# How much is traded through each broker?

Hey fellow forex traders. I have been absent for I think a couple years now. I am back with newfound vigor and my passion has been rekindled. I’m developing a new qualitative system but must first do my research on some fundamental questions I have. I’m creating an algorithm to trade off of volume similar to my system 13 thread.

From what I have read online volume in Forex represents ticks, or it represents how many lots where traded at that particular time frame. I don’t know which is correct so some clarification would be nice. Each broker records a slightly different volume than the rest. I’m curious… Is the volume they report only the volume they represent or is it a summation of all broker participation that they are able to measure? I don’t know all the brokers now it’s been a while but I assume oanda and fxcm are still leading brokers. however is Oanda and FXCM leading brokers for the small fries like us or does that include the big fish as well?

Is their any way to figure out how much volume of the market share is contributed to by oanda specifically? I understand FX is decentralized but oanda must have some kind of figures of how much money was traded through them yeah? Looking at the broader picture though, if total volume was 100 for a particular time frame… oanda is accountable for 30, fxcm 20 etc.? Is it possible to figure that out? I’m trying to find the relationship between Forex volume and price mathematically speaking so I can create my algo. Finding out major brokers contribution to market volume seems like a fair start for me.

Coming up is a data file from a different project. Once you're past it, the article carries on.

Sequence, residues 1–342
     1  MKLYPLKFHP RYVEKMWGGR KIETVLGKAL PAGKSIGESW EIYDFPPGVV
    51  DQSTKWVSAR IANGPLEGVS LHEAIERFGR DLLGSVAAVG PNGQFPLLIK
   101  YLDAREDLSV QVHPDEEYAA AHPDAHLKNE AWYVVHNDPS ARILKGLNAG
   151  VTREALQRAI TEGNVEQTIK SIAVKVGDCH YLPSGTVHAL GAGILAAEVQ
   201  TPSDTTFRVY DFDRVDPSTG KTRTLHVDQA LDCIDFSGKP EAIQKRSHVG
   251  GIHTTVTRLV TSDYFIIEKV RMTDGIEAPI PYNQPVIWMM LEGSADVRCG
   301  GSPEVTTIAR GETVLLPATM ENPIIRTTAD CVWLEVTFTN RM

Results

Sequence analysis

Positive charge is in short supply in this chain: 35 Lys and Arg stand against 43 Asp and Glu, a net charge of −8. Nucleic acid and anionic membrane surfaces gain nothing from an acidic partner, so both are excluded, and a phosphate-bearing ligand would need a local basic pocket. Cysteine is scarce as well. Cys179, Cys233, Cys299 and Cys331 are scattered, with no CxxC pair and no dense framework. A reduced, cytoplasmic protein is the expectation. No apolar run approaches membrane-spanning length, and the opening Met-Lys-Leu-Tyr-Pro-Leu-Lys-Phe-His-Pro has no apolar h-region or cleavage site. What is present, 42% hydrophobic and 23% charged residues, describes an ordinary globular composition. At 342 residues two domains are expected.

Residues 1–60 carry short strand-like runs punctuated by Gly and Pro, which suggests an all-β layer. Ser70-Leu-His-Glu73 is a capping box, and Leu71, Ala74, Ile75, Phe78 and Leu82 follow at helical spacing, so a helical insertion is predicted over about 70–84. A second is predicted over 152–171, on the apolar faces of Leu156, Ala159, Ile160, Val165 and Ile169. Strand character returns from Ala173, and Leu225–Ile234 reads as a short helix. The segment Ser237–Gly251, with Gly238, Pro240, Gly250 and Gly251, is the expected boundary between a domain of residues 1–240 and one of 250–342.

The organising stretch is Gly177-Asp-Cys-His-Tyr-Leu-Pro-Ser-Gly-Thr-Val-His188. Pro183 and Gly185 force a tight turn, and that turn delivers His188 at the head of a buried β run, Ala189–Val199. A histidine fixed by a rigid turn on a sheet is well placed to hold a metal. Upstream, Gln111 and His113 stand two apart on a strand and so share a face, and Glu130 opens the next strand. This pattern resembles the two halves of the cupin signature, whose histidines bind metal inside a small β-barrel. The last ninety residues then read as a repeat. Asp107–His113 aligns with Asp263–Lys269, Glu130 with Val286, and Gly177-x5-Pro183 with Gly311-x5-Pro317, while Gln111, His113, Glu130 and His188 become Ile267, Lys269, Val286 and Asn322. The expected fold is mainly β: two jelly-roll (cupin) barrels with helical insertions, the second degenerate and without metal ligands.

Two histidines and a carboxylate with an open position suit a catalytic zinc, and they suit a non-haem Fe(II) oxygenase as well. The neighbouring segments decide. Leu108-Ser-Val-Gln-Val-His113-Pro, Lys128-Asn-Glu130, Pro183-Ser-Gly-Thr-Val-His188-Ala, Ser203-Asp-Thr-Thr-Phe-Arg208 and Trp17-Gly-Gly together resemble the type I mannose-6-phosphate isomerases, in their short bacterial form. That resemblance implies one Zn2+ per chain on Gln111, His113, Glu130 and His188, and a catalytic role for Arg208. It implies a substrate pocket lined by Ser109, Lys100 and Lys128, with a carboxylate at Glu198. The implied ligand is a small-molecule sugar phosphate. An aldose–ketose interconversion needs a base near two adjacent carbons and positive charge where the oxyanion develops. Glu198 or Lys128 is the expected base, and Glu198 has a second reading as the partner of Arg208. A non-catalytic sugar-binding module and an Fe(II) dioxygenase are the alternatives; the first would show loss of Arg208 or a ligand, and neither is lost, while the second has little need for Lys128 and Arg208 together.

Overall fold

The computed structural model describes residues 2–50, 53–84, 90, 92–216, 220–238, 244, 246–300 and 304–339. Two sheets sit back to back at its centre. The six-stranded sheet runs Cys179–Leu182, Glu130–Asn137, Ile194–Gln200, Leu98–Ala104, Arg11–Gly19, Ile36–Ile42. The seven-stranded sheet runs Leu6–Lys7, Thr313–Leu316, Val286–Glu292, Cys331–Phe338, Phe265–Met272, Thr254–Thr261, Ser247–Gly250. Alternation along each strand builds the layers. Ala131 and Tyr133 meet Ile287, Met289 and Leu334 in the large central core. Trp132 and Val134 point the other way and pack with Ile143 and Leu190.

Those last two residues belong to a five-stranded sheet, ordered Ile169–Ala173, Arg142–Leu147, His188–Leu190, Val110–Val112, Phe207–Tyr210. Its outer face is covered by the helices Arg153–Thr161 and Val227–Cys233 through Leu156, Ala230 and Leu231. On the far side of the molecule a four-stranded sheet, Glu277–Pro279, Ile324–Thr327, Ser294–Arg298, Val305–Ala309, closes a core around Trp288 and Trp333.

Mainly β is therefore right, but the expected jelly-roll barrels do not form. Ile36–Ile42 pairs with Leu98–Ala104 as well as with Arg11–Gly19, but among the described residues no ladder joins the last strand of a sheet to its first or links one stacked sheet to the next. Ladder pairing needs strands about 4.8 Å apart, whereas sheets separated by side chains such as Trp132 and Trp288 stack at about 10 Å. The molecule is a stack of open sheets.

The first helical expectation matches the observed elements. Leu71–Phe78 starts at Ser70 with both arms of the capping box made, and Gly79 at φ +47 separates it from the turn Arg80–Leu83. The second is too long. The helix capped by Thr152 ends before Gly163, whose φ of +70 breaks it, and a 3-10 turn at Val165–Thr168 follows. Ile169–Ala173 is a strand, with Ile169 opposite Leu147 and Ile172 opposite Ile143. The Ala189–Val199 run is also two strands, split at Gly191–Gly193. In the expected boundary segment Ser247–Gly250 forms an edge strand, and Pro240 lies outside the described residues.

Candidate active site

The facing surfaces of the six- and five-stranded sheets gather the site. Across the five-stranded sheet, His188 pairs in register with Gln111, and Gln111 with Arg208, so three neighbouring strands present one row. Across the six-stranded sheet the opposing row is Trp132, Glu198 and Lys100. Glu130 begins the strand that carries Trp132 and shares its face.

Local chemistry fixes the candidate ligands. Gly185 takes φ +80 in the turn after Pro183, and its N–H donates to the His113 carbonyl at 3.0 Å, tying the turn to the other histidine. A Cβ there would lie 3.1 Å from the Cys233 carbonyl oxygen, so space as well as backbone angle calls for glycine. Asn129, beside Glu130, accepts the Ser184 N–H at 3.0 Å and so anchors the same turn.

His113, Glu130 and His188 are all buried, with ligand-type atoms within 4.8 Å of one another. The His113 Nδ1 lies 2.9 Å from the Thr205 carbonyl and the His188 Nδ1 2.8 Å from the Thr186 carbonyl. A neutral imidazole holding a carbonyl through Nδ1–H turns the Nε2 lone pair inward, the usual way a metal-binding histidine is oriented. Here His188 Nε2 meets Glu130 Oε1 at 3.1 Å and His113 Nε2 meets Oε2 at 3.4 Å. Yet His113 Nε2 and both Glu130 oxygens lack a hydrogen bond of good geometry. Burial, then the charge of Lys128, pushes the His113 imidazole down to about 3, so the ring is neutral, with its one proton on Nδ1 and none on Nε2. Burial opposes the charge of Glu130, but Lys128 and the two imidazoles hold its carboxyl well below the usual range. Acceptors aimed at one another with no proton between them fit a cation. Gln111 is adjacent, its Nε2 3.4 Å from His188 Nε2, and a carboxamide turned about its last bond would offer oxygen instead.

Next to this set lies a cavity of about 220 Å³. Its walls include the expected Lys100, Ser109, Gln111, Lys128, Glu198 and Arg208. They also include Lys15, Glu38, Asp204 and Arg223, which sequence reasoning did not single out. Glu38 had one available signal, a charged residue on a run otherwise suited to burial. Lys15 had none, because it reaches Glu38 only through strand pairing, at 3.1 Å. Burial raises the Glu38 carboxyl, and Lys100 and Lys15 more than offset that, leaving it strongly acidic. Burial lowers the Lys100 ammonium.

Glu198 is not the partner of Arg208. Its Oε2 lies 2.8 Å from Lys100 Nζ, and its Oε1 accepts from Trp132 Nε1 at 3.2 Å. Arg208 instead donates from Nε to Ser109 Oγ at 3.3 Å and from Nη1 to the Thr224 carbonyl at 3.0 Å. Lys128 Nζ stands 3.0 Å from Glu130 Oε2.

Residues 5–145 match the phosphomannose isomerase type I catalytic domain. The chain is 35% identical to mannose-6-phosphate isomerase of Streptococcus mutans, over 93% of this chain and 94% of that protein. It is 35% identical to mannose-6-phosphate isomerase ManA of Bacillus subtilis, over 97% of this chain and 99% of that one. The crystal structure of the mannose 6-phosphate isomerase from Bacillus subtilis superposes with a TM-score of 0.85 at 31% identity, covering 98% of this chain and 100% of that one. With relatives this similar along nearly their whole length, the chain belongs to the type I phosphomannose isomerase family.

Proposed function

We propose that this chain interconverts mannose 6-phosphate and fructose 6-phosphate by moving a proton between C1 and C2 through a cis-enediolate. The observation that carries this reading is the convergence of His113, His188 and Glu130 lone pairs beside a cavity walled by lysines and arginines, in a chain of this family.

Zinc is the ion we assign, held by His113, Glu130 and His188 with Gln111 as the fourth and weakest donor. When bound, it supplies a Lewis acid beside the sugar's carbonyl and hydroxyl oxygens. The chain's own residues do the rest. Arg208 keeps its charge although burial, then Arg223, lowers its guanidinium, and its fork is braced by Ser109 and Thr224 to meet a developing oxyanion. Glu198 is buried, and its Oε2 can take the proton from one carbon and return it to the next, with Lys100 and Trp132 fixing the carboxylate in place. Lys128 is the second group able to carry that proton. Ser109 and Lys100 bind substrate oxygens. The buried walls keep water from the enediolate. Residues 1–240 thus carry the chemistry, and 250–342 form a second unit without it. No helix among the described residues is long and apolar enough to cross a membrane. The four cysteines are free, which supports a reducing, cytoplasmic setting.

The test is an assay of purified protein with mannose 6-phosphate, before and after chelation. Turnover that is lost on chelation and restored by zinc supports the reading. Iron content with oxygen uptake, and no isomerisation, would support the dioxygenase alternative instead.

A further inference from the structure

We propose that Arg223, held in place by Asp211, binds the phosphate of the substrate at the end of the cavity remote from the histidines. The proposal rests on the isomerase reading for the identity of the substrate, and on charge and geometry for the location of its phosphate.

[quote=“Leg0nd, post:1, topic:119246, full:true”]
I’m trying to find the relationship between Forex volume and price mathematically speaking so I can create my algo. Finding out major brokers contribution to market volume seems like a fair start for me.[/quote]

@Leg0nd - Hello

• The algorithm you intend to create will never yield useful information. Here’s why:

You are basing your efforts on the misconception that the volume handled by a broker determines the prices offered by that broker. Think about your assumption, for a moment. If that were the case, then high-volume brokers would offer very different prices from low-volume brokers. But, this is not what you will find, if you do some broker comparisons.

The foreign currency market is one market in which prices are set by market-makers at the top of the forex food-chain. These market-makers are the big banks in the interbank network and the central banks of several major countries. This market-making process is basically a process of driving prices into pools of liquidity in order to fill orders (and to generate speculative profits for the banks). Each bank makes their own prices (Bid and Ask), but their prices can’t deviate too far from the prices of their competitors in the interbank network – otherwise, competitor banks will simply arbitrage the disparity, buying low from one bank and selling high to another bank, the result of which will be to force divergent prices to approach convergence. So, there is typically a tight cluster of prices among the banks in the interbank network.

Retail forex brokers (the folks you are proposing to study) generally deal with several (or many) of these big banks. The brokers typically refer to them as liquidity providers (LP’s). Brokers pick and choose the best available prices from the LP’s they deal with, and this picking-and-choosing has exactly the same effect as the arbitrage that I mentioned above – it tends to buy up the low prices and sell down the high prices, forcing convergence.